Monday, 9 February 2015

Bharatanatyam Performance - Upadhye Duet- A Synopsis- Bangalore - February 2015

Bharatanatyam Performance- Duet:
Parshwanath and Shruti Upadhye:
Synopsis: 8 February 2015

Shruti and Parshwanath presenting duet Bharathanatyam recital 8th of February 2015 at Unnati centre ,Ganesha temple road,NGEF layout,SadanandaNagar (Near Bayappanahalli metro Railway station) Bangalore at 6 pm

Performance at Unnati Centre Bangalore.Rudra Namavali choreographed by Guru Shri Kiran Subramanyam Pic courtesy : Shri Sunil Gupta


The dancers open this performance with a Pushpaanjali, which literally means an offering of flowers. This is a traditional opening number, in which the dancers set the mood and the momentum for a colourful performance. The item ends with a verse in description of Lord Shiva, the God of Dance, in Indian Mythology. The various weapons and adornments of Lord Shiva are elaborately described, as he is seated with his consort, Goddess Parvati. Lord Shiva is worshipped as the greatest power in the Universe.

Pushpaanjali in Raga Kadyothkanthi and Adi Tala, a composition of Sri B.R.Sheshadri, set to music by Sri Thirumalai Srinivas. Pushpanjali will be followed by Rudram Namavali in Raga Revathi, choreographed by Sri Kiran Subramanyam.


A Ganapati Stuti is a customary number in a Bharatanatyam recital. The elephant headed god is praised for his virtues and beseeched for his grace. However, this composition, Prabho Ganapate, is treated differently. The dancers speak to Ganapati with affinity and affection as they would do to a friend. They wonder why everyone fusses about searching for Ganapathi everywhere outside, when all they have to do is to find him within themselves.

They tease the lord about his appearance while simultaneously reposing faith in him as the only saviour.

Prabho Ganapathe in Raga Thillang and Adi Tala, Choreographed by Sri. Kiran Subramanyam.


The next number in this evening’s recital is a Thyagaraja composition- Nannu Paalimpa. Thyagaraja compositions are the jewels in the crown of Carnatic music. Not only are they musical marvels, but they are so steeped in Bhakti that they elaborate extensively on the ethos of Hindu philosophy. Hence, it is also a great challenge to adapt a Thyagaraja composition for dance- which means the dramatic content that dance requires has to be added without disturbing the Bhakti quotient of the lyrics.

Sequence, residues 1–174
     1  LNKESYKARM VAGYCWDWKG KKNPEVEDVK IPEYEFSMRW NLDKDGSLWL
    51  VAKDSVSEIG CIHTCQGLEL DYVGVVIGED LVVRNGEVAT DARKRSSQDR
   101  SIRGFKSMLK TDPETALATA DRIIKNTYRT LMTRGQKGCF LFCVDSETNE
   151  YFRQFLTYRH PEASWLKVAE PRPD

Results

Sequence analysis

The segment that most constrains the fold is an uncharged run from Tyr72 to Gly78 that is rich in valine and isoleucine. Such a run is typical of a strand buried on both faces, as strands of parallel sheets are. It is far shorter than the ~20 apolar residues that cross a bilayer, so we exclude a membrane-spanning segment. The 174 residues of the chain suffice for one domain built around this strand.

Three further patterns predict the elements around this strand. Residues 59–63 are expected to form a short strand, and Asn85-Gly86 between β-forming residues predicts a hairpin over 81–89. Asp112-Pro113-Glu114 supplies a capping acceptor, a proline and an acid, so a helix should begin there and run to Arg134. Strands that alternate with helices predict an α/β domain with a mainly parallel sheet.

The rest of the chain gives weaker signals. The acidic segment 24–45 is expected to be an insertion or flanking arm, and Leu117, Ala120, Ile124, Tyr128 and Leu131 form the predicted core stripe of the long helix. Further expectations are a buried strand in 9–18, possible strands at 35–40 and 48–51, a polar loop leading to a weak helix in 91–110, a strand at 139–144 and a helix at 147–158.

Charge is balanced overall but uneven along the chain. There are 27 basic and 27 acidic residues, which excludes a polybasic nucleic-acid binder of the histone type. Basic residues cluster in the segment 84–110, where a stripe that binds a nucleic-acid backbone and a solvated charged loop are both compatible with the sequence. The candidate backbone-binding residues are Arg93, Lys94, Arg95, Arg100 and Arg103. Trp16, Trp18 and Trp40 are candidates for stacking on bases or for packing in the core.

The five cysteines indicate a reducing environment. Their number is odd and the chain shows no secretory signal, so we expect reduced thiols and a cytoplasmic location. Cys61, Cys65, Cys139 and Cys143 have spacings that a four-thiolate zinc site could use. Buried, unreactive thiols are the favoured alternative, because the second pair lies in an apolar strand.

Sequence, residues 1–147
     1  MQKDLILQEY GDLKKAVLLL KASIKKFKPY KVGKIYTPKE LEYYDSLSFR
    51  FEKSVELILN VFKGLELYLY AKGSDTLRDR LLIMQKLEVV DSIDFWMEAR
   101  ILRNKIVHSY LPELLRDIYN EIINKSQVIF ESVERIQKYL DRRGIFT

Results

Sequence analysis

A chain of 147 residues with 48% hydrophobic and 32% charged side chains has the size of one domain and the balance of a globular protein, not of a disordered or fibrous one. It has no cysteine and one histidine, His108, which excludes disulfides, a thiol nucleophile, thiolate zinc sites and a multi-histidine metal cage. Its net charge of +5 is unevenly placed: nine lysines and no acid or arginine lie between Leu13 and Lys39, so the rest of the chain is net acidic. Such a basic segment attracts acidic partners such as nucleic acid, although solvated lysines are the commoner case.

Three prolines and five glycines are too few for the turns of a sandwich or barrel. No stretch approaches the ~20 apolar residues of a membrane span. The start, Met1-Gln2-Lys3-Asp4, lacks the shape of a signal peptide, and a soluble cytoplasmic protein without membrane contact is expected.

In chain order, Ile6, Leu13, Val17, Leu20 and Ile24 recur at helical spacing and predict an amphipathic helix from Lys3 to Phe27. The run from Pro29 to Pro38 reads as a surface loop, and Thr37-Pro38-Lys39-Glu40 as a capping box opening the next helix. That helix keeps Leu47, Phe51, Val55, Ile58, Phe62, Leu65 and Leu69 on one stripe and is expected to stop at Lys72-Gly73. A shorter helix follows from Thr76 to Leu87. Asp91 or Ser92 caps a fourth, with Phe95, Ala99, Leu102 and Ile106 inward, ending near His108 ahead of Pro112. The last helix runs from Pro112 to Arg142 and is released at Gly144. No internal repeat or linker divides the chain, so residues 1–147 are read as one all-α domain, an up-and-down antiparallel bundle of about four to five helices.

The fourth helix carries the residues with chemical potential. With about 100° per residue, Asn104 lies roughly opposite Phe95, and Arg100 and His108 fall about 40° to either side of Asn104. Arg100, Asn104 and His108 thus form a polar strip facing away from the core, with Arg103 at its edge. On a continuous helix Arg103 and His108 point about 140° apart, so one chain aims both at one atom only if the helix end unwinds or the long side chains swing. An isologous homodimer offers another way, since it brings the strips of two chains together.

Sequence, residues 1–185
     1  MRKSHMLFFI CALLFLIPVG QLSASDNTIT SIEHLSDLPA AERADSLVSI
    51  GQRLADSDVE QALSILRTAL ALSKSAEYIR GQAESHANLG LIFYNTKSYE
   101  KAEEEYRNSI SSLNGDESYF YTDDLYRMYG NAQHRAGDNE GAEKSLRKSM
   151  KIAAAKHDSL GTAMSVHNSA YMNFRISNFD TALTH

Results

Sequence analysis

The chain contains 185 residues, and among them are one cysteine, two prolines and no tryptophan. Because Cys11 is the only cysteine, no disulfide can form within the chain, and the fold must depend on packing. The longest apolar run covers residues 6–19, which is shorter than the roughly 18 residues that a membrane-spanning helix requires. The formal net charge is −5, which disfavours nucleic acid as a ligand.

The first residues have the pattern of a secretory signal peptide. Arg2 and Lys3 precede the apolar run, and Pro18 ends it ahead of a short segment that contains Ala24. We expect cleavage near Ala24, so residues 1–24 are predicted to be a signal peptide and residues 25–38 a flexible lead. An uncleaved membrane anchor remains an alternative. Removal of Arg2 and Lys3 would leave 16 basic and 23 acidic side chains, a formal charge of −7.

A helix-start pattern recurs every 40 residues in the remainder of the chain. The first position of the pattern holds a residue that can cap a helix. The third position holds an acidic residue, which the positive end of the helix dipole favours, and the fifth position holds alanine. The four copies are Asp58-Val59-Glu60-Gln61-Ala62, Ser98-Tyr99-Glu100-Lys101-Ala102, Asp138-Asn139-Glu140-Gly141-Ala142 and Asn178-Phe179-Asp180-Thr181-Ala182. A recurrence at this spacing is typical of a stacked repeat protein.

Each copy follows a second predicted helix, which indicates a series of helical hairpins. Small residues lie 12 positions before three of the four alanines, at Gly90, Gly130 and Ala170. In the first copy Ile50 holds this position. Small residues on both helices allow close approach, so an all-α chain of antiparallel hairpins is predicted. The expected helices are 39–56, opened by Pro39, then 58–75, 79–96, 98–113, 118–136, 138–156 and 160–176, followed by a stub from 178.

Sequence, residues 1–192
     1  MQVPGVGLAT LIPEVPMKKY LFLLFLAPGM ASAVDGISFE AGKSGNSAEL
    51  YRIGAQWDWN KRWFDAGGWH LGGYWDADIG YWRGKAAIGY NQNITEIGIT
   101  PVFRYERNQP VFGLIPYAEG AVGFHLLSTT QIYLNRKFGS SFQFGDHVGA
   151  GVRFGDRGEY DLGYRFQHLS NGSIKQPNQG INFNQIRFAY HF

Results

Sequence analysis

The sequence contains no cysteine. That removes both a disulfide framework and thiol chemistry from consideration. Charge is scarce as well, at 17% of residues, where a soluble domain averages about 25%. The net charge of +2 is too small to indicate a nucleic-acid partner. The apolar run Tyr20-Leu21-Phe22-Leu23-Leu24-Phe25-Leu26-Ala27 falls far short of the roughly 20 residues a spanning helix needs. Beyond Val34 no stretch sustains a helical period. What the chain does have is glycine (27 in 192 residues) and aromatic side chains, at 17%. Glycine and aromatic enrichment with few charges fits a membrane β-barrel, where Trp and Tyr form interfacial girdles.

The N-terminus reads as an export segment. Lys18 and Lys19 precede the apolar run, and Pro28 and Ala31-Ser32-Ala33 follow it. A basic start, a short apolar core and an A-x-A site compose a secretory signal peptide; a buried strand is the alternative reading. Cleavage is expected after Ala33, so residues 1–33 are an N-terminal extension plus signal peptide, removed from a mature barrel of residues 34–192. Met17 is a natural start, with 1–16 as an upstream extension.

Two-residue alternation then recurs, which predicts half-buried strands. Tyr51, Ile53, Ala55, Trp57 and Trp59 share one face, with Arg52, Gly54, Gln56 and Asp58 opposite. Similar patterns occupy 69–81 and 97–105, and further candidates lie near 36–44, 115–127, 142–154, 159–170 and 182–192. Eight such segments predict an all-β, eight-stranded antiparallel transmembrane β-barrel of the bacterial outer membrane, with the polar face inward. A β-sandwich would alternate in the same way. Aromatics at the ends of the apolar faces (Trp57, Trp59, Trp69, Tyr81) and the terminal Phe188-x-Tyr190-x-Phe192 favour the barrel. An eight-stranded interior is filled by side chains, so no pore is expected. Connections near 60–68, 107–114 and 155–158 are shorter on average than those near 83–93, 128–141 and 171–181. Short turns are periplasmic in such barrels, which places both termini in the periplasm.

The poet says in this composition- O lotus eyed Rama and Sita’s Lord, have you come walking all the way to protect me?

The number has been choreographed keeping in mind it’s subtle and abstract qualities and blends Bhakti with drama. Theermanams and Sanchari sequences have been judiciously interwoven into the compositions, to enhance and embellish the beauty of the lyrics.

Nannu Paalimpa in Raga Mohana, Adi Tala- choreographed by Kiran Subramanyam.

4. We continue the recital with an energetic and vibrant song describing the cosmic dance of Lord Shiva. Lord Shiva whose body is smeared with ashes and whose neck is adorned with a garland of skulls dances along with all his Ganas by his side. As the bells on His feet ring with the rhythm of the music, the Devas and Rishis assemble to witness this divine spectacle.

Shankara Srigiri in Raga Hamsanandi, Adi Tala, a composition of Swati Tirunal, choreographed by Sri. Kiran Subramanyam

5. Shringara, the sentiment of love is called the Rasaraja or the king of emotions. No Bharatanatyam recital is complete without a piece on Sringara.

'Kandanaal Mudalai' describes how a young maiden is smitten by love after her first meeting with Lord Subramanya. She describes to her friend, the beautiful garden, where she first set her eyes on Muruga and tells her about the beautiful moments she spent with him. She tells her sakhi "I have fallen in love with him at first sight. Do you know who he is? He is the son of the great Lord Shiva".

Kandanaal Mudalai in Ragam Madhuvanthi set to Adi Talam,a composition of Sri.N.S.Chidambaram, choreographed by Smt. Sandhya Kiran.

6.The recital comes to a breathtaking climax with a Thillana. The Thillana symbolizes the joy of dance on one hand; while on the other, it is studded with intricate verses of rhythm and demands great technical competence from the dancers performing it.

This Thillana has been composed and choreographed by Kiran Subramanyam with an unorthodox approach and abounds in rhythmic complications.

Thillana in Raga Rasikapriya composed and choreographed by Kiran Subramanyam, set to music by noted flautist Sri. Mahesh Swamy.

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